PSAT

The PSAT was once thought to be a miniature version of the SAT. It was over an hour shorter and had fewer questions than the SAT. Unfortunately, this is no longer the case, as the PSAT has undergone numerous adjustments over the years.

The College Board, responsible for developing, maintaining, and upgrading these standardized examinations, revamped the PSAT and SAT. In fact, the entire array of tests was revamped, including:

  • The PSAT 8/9
  • The PSAT NMSQT
  • The PSAT 10
  • The SAT

The first three items on the list have no direct bearing on college admission decisions. Nonetheless, they can significantly impact college prospects, which many students are unaware of. Find out if you have to take the PSAT below.

Do You Have to Take the PSAT?

When people talk about the PSAT, they typically refer to the practice SAT students take in 11th grade. The full name is the Preliminary SAT/National Merit Scholarship Qualifying Test. There are actually three versions of this “pre-test” or “practice test,” and each is unique.

The PSAT 8/9 is for grades 8 and 9, and the PSAT 10 is for 10th graders. The last version of the PSAT is for juniors and is the one most people refer to when speaking of the PSAT. 

So do you have to take the PSAT? You might need to or find it beneficial. Below are four reasons why.

It Might Be Required

Most high schools require juniors to take the PSAT in the fall, and some might also require the PSAT 8/9 and the PSAT 10. Check with guidance counselors ahead of time in order to prepare accordingly.

You Might Qualify for Scholarships

The PSAT is also the qualifying test for National Merit Scholarships, which can defray the costs of your college education. In addition, college applications from National Merit Scholars students attract well-deserved attention from college admissions staff members who make admissions decisions.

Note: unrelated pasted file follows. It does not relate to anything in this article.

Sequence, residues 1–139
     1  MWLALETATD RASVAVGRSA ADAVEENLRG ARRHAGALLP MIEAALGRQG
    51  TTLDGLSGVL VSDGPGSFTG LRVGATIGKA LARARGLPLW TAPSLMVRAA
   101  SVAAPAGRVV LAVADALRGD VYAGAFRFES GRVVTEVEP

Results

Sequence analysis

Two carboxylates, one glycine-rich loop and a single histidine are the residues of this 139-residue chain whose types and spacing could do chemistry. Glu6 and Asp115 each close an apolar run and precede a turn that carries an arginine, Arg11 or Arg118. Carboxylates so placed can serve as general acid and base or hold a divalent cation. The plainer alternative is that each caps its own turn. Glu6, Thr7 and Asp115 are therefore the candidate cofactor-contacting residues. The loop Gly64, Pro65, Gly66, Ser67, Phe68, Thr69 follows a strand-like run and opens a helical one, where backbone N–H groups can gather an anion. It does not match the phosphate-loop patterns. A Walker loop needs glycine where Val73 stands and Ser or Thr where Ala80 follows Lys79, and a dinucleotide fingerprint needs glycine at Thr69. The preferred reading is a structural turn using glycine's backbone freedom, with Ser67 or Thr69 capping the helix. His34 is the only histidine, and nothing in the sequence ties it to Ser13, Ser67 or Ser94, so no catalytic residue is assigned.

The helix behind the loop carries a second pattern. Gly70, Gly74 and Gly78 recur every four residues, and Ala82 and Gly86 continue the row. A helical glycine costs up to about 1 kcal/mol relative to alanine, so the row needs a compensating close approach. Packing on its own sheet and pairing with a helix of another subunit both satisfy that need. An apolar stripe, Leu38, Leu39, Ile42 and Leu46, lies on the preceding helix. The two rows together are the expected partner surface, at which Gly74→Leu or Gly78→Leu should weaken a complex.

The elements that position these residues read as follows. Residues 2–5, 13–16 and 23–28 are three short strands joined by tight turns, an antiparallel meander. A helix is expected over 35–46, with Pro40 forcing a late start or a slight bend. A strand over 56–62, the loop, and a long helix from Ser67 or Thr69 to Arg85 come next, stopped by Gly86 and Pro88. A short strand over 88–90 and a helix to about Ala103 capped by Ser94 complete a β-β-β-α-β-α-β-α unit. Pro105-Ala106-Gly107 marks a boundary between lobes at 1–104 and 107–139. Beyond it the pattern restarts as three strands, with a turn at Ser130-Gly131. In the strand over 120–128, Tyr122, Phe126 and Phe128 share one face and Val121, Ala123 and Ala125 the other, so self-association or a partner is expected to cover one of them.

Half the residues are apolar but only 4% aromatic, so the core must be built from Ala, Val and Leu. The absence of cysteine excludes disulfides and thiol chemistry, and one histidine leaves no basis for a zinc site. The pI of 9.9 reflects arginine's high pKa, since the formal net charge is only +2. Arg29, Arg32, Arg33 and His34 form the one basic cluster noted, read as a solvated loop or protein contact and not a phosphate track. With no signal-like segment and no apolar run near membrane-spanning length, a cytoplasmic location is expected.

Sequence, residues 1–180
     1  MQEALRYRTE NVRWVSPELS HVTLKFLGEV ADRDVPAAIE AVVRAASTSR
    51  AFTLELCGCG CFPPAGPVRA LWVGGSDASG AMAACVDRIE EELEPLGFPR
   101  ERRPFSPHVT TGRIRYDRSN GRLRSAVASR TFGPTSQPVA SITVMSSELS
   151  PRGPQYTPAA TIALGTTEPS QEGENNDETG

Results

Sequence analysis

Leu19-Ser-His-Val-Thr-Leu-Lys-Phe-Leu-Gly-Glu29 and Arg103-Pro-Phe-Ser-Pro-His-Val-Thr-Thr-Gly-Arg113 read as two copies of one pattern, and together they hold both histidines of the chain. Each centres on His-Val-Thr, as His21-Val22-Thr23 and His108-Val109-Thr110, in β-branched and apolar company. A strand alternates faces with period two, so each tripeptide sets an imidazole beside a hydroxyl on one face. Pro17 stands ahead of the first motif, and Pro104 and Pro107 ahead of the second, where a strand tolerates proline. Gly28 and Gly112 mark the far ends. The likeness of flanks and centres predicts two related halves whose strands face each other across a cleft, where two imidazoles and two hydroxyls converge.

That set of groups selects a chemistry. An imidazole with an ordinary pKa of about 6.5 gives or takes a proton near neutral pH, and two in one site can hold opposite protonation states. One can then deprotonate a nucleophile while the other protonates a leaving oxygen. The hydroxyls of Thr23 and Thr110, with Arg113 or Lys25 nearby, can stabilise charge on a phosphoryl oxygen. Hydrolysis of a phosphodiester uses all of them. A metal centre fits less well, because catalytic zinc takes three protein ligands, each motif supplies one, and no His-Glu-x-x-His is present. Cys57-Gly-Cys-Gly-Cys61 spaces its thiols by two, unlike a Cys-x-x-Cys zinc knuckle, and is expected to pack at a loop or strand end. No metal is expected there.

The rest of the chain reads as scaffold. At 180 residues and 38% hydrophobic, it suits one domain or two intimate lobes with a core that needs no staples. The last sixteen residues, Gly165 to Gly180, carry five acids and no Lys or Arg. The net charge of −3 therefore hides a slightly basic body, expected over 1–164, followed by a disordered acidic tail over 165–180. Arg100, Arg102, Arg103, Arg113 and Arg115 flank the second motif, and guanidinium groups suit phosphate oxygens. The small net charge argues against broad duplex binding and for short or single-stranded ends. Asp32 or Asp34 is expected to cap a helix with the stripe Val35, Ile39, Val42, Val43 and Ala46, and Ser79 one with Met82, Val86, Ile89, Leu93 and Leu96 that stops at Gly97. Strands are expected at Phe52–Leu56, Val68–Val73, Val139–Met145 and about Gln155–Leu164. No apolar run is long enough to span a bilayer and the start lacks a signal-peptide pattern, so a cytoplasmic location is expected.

You Can Discover Areas That Need Practice Before Taking the SAT

One of the best ways to boost your score on the SAT is to practice, which is precisely what taking the PSAT is really for. By taking the PSAT more than once, you can also gauge your progress from one test to another and see where you have progressed and where you still can improve. 

The College Board claims that 20 hours of practice can boost your score by 115 points!

You Can Get an Idea of What You Might Score on the SAT

The College Board has given the PSAT test scoring ranges that are equivalent to the SAT. This can help you see an estimate for your SAT score. You’ll also gain an understanding of what to expect when the time comes to take the SAT. 

Start Practicing for the PSAT Early

Give yourself the best chance of scoring as high as you deserve on the PSAT. For personalized test prep services to maximize your PSAT potential, contact Jantzi today.